NJ Leads Nation in Education, Loses Ground on Health

June 24, 2013

Contact: Nancy Parello, Communications Director, Advocates for Children of New Jersey, (973) 643-3876, (908) 399-6031 (c), nparello@acnj.org

(NEWARK, N.J., July 24, 2013) New Jersey dropped to 5th place in the national KIDS COUNT Data Book released today, from 4th last year, but New Jersey’s children still fare better than most of their young peers across the country.

Read the report.

In addition to the overall ranking, the report rates states in four areas of child well-being: Economic Well-Being, Education, Health and Family and Community.

New Jersey remained 2nd in the nation for its students’ high performance on academic measures, surpassing national averages for more children attending preschool, more 4th and 8th grade students scoring at or above proficient in reading and math and more high school students graduating on time.

The state received its worse ranking – 18th — for the economic well-being of families, as many New Jersey families continue to struggle to make ends meet. While New Jersey continues to lag in this area, it did move up from 19th place last year.

The annual report from the Annie E Casey Foundation also found that New Jersey lost ground on measures of child health, dropping to 13th place this year, compared to 5th last year. Health measures include the incidence of low-birth weight babies, uninsured children, child and teen deaths and teens who abuse alcohol or drugs.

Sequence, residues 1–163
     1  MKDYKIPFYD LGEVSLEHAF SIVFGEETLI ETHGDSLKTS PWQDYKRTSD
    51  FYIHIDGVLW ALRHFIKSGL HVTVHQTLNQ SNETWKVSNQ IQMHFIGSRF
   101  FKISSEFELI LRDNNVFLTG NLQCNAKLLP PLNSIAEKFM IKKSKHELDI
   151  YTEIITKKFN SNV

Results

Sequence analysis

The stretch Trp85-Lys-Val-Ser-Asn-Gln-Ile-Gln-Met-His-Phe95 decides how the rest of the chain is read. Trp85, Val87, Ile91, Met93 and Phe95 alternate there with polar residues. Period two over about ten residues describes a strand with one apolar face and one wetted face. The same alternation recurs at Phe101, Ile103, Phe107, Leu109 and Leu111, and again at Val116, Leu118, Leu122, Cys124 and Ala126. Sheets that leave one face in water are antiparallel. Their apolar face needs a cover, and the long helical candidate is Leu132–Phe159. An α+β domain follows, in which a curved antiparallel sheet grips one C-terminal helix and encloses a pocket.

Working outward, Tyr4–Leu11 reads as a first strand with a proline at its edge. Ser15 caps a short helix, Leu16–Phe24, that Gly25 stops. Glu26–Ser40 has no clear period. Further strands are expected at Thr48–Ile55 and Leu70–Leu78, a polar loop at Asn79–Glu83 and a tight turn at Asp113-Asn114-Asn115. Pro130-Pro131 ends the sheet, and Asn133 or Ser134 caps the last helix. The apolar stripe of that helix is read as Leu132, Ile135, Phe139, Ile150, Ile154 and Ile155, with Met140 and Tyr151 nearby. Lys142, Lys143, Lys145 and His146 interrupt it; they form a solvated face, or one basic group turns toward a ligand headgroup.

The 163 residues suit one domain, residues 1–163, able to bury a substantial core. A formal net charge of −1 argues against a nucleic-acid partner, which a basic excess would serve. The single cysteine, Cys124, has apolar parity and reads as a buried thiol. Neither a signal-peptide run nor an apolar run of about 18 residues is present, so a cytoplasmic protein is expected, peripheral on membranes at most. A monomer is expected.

In the area of Family and Community, New Jersey continued to rank 9th.  This area measures the percentage of children living in single-parent households, education level of parents, children living in high-poverty areas and the teen birth rate.

New Jersey Rankings

Overall: 5

Economic being: 18

Education: 2

Family and Community: 9

Health: 13

“Clearly, New Jersey’s investment in education pays off, as the state continues to lead the nation in critical academic areas, including children attending high-quality preschool,” said Cecilia Zalkind, executive director of Advocates for Children of New Jersey, which produces the state-level Kids Count reports.

“The decline in child health and the persistent child poverty are areas that demand focused and sustained attention from our leaders at the local, county and state levels,” Zalkind added. “As the economy shows signs of improving, investments in children should be at the top of our list of priorities.”

The KIDS COUNT Data Book includes the latest data on child well-being for every state, the District of Columbia and the nation. This information will be available June 24 at 12:01 a.m. in the KIDS COUNT Data Center, which also contains the most recent national, state and local data on hundreds of other measures of child well-being. The data center allows users to create rankings, maps and graphs for use in publications and on websites, and to view real-time information on mobile devices.

###

The Annie E. Casey Foundation is a private national philanthropy that creates better futures for the nation’s children by strengthening families, building economic opportunities and transforming neighborhoods into safer and healthier places to live, work and grow. For more information, visit www.aecf.org. KIDS COUNT® is a registered trademark of the Annie E. Casey Foundation.

Advocates for Children of New Jersey is a statewide child research and action organization dedicated to ensuring that every child has the chance to grow up safe, healthy and educated.